Detailed information on psychiatric medications, including antidepressants, antipsychotics, antianxiety medications. And psychiatric medications for children and women during pregnancy.
- Special Message
- Relief From Symptoms
- Questions for Your Doctor
- Medications for Mental Illness
- Antipsychotic Medications
- Antimanic Medications
- Antidepressant Medications
- Antianxiety Medications
- Medications for Special Groups
- The Elderly
- Women During Childbearing Years
- Index of Medications
- Alphabetical List of Medications by Generic Name
- Alphabetical List of Medications by Trade Name
- Children's Medication Chart
This section is designed to help mental health patients and their families understand how and why medications can be used as part of the treatment of mental health problems.
It is important for you to be well informed about medications you may need. You should know what medications you take and the dosage, and learn everything you can about them. Many medications now come with patient package inserts, describing the medication, how it should be taken, and side effects to look for. When you go to a new doctor, always take with you a list of all of the prescribed medications (including dosage), over-the-counter medications, and vitamin, mineral, and herbal supplements you take. The list should include herbal teas and supplements such as St. John's wort, echinacea, ginkgo, ephedra, and ginseng. Almost any substance that can change behavior can cause harm if used in the wrong amount or frequency of dosing, or in a bad combination. Drugs differ in the speed, duration of action, and in their margin for error.
If you are taking more than one medication, and at different times of the day, it is essential that you take the correct dosage of each medication. An easy way to make sure you do this is to use a 7-day pillbox, available in any pharmacy, and to fill the box with the proper medication at the beginning of each week. Many pharmacies also have pillboxes with sections for medications that must be taken more than once a day.
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Please keep in mind, this section is intended to inform you, but it is not a "do-it-yourself" manual. Leave it to the doctor, working closely with you, to diagnose mental illness, interpret signs and symptoms of the illness, prescribe and manage medication, and explain any side effects. This will help you ensure that you use medication most effectively and with minimum risk of side effects or complications.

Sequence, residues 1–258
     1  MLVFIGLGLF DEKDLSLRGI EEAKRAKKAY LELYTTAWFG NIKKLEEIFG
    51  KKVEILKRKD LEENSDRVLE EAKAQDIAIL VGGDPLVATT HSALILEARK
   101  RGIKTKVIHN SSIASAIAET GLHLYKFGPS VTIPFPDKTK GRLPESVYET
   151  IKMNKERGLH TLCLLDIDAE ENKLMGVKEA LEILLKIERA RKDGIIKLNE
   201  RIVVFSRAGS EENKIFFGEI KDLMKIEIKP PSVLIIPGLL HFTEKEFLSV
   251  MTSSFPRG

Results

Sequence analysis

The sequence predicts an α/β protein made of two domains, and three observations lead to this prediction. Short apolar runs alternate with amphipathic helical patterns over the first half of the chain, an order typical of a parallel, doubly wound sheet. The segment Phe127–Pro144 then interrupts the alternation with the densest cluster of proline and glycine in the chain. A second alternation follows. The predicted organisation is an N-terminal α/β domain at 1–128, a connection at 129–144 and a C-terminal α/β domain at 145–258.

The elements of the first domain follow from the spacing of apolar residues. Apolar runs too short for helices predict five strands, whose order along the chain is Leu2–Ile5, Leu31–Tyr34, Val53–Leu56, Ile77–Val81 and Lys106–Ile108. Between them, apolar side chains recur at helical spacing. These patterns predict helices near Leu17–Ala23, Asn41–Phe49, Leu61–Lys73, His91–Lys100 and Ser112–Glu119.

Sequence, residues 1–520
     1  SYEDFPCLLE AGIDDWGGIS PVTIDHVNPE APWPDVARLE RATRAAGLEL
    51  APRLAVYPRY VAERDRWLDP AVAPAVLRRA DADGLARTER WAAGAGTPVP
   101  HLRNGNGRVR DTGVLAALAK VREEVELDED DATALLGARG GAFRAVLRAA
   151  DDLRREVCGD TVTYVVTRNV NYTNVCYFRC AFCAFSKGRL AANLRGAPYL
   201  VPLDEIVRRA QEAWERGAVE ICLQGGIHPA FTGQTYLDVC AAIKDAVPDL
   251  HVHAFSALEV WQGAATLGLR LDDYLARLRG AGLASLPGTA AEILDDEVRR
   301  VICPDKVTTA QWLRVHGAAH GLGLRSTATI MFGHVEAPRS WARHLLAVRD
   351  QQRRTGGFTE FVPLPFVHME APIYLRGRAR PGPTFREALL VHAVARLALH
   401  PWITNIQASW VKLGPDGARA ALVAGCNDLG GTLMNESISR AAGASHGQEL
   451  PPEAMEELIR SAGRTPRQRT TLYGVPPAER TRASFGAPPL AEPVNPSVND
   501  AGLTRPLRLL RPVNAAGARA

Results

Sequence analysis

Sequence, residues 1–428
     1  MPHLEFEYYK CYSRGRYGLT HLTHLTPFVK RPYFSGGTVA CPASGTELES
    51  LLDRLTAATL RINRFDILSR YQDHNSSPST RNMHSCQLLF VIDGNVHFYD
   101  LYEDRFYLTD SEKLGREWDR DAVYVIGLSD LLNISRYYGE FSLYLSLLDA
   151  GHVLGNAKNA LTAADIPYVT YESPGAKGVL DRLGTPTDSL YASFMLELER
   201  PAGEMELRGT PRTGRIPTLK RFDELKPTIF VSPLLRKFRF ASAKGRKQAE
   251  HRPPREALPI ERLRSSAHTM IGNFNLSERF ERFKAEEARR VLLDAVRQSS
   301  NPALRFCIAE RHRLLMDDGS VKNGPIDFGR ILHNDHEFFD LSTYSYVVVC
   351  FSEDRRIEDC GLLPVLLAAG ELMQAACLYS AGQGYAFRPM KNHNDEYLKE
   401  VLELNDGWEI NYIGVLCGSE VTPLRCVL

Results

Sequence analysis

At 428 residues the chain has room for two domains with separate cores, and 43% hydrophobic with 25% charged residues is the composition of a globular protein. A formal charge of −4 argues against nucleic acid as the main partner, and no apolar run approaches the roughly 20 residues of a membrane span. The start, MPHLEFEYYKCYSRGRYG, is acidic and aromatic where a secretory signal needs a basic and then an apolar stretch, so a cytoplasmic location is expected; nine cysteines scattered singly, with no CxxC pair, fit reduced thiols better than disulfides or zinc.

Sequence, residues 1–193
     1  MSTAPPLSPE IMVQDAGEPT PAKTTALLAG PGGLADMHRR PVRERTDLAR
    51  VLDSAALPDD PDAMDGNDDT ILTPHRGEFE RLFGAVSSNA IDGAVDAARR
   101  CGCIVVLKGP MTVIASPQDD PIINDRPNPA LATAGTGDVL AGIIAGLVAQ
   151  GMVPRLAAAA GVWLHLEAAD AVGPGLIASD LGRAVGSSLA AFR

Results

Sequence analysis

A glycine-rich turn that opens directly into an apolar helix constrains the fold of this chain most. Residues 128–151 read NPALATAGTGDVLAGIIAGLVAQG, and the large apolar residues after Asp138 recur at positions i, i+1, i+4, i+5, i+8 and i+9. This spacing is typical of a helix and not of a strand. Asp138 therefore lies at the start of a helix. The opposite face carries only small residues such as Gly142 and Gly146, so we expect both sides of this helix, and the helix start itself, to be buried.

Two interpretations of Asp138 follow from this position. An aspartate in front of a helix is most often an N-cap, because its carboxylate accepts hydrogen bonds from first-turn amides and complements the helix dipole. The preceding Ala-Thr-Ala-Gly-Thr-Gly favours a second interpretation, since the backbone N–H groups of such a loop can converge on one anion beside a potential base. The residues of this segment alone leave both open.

Anyone can develop a mental illness - you, a family member, a friend, or a neighbor. Some disorders are mild; others are serious and long-lasting. These conditions can be diagnosed and treated. Most people can live better lives after treatment. And psychotherapeutic medications are an increasingly important element in the successful treatment of mental illness.
Medications for mental illnesses were first introduced in the early 1950s with the antipsychotic chlorpromazine. Other medications have followed. These medications have changed the lives of people with these disorders for the better.
Psychotherapeutic medications also may make other kinds of treatment more effective. Someone who is too depressed to talk, for instance, may have difficulty communicating during psychotherapy or counseling, but the right medication may improve symptoms so the person can respond. For many patients, a combination of psychotherapy and medication can be an effective method of treatment.
Another benefit of these medications is an increased understanding of the causes of mental illness. Scientists have learned much more about the workings of the brain as a result of their investigations into how psychotherapeutic medications relieve the symptoms of disorders such as psychosis, depression, anxiety, obsessive-compulsive disorder, and panic disorder.
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